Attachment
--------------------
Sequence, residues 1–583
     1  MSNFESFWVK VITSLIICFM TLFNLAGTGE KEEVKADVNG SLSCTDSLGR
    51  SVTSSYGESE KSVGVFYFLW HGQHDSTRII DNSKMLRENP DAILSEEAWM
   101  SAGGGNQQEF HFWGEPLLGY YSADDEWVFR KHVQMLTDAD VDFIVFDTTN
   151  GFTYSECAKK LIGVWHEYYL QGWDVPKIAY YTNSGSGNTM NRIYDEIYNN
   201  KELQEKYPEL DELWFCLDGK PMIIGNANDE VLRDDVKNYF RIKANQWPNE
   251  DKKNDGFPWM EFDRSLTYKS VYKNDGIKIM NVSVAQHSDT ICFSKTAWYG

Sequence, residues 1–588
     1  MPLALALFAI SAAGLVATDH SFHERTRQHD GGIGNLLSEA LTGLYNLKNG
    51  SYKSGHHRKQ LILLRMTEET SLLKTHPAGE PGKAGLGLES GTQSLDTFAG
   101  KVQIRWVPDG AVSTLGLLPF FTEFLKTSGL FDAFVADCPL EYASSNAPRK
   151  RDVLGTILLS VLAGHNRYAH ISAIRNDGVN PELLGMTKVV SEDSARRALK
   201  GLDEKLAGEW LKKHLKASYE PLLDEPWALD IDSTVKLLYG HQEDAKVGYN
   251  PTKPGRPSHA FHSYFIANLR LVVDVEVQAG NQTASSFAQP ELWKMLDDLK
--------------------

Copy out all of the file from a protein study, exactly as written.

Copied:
Sequence, residues 1–583
     1  MSNFESFWVK VITSLIICFM TLFNLAGTGE KEEVKADVNG SLSCTDSLGR
    51  SVTSSYGESE KSVGVFYFLW HGQHDSTRII DNSKMLRENP DAILSEEAWM
   101  SAGGGNQQEF HFWGEPLLGY YSADDEWVFR KHVQMLTDAD VDFIVFDTTN
   151  GFTYSECAKK LIGVWHEYYL QGWDVPKIAY YTNSGSGNTM NRIYDEIYNN
   201  KELQEKYPEL DELWFCLDGK PMIIGNANDE VLRDDVKNYF RIKANQWPNE
   251  DKKNDGFPWM EFDRSLTYKS VYKNDGIKIM NVSVAQHSDT ICFSKTAWYG

Sequence, residues 1–588
     1  MPLALALFAI SAAGLVATDH SFHERTRQHD GGIGNLLSEA LTGLYNLKNG
    51  SYKSGHHRKQ LILLRMTEET SLLKTHPAGE PGKAGLGLES GTQSLDTFAG
   101  KVQIRWVPDG AVSTLGLLPF FTEFLKTSGL FDAFVADCPL EYASSNAPRK
   151  RDVLGTILLS VLAGHNRYAH ISAIRNDGVN PELLGMTKVV SEDSARRALK
   201  GLDEKLAGEW LKKHLKASYE PLLDEPWALD IDSTVKLLYG HQEDAKVGYN
   251  PTKPGRPSHA FHSYFIANLR LVVDVEVQAG NQTASSFAQP ELWKMLDDLK